To help achieve the project aims, research was undertaken using three main methods:
systematic reviews of published and grey literature
field case studies
detailed geological and hydrogeological analysis using GIS
These component parts of the project will be published separately in peer reviewed journals and BGS Open Reports, and will be made available from the project web pages in due course.
Two systematic reviews were carried out from published and unpublished literature.
The first review identified approximately 100 studies of groundwater recharge for Africa; a second review examined 250 published and grey literature on African aquifer properties.
The review process enabled unreliable studies to be excluded, but allowed for some low quality studies which passed minimum criteria to be used in areas with few data.
Three detailed case studies were undertaken during 2010 (Figure 1).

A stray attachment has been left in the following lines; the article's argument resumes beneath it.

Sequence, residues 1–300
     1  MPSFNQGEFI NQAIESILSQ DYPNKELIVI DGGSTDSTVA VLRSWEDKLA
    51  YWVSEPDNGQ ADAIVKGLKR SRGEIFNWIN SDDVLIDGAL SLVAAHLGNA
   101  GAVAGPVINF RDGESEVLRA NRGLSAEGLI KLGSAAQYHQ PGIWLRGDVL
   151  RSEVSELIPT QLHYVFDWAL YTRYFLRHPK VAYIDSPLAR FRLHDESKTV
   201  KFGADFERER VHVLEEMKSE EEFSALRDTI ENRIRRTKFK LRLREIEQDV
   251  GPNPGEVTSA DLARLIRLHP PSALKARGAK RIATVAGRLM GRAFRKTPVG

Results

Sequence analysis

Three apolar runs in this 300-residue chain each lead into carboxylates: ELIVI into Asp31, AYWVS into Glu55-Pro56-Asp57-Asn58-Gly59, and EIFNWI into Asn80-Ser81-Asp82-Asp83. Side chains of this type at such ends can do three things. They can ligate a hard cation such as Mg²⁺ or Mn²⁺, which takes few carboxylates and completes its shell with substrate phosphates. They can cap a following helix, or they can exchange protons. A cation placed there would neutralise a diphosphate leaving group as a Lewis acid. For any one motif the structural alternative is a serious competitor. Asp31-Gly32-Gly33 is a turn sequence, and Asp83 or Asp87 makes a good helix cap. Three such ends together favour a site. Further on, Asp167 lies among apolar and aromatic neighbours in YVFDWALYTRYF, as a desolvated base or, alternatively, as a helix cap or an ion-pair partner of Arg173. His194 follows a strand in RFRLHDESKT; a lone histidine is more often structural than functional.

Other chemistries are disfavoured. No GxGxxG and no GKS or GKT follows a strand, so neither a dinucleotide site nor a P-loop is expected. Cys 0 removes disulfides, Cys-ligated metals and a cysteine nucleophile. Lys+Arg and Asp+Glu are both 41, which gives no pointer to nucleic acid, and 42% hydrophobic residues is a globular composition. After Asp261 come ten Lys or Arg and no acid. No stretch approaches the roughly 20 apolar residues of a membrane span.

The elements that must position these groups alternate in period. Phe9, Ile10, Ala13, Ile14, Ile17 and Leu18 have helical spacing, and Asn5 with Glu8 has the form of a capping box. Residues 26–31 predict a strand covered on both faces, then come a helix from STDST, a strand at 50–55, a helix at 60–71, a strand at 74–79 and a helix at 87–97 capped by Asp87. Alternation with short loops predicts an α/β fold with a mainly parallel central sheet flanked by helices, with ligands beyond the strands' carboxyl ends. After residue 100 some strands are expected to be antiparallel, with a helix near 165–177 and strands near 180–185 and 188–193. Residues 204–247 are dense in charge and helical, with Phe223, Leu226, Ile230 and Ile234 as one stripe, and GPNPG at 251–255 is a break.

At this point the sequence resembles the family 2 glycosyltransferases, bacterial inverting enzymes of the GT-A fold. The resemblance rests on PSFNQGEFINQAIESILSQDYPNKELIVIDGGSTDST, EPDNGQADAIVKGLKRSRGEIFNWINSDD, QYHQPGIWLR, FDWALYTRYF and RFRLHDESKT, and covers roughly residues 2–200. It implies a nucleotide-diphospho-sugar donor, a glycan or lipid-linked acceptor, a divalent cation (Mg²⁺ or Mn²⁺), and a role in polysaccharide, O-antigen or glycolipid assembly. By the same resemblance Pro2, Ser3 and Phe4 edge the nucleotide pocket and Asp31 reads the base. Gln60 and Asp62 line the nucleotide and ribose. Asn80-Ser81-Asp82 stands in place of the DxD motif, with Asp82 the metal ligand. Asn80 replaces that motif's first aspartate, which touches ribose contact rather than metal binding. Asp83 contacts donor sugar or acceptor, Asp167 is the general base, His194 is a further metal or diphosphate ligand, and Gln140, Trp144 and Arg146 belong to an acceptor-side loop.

In West Africa approximately 60 boreholes were sampled across a transect from semi-arid to humid climate. Detailed chemical analysis was undertaken to assess the residence time of shallow groundwater used to sustain rural water supply boreholes (<0.5 l/s).
In Uganda and Tanzania high yielding groundwater supplies from basement rocks were examined to help understand the hydrogeological conditions required to sustain higher yielding supplies (>1 l/s). Available monitoring records were collated and analysed along with pumping test data and new chemical analysis targeted to assess residence times.
The Ethiopian case study involved the analysis and interpretation of detailed household surveys about seasonal water access, use and livelihoods in 24 communities across three livelihood zones.
The groundwater maps were developed to provide quantitative groundwater information for Africa.
Several groundwater maps already exist for Africa, but provide only qualitative information.
Significant effort was put into collating, assessing and systematising available regional and site specific information on groundwater using GIS.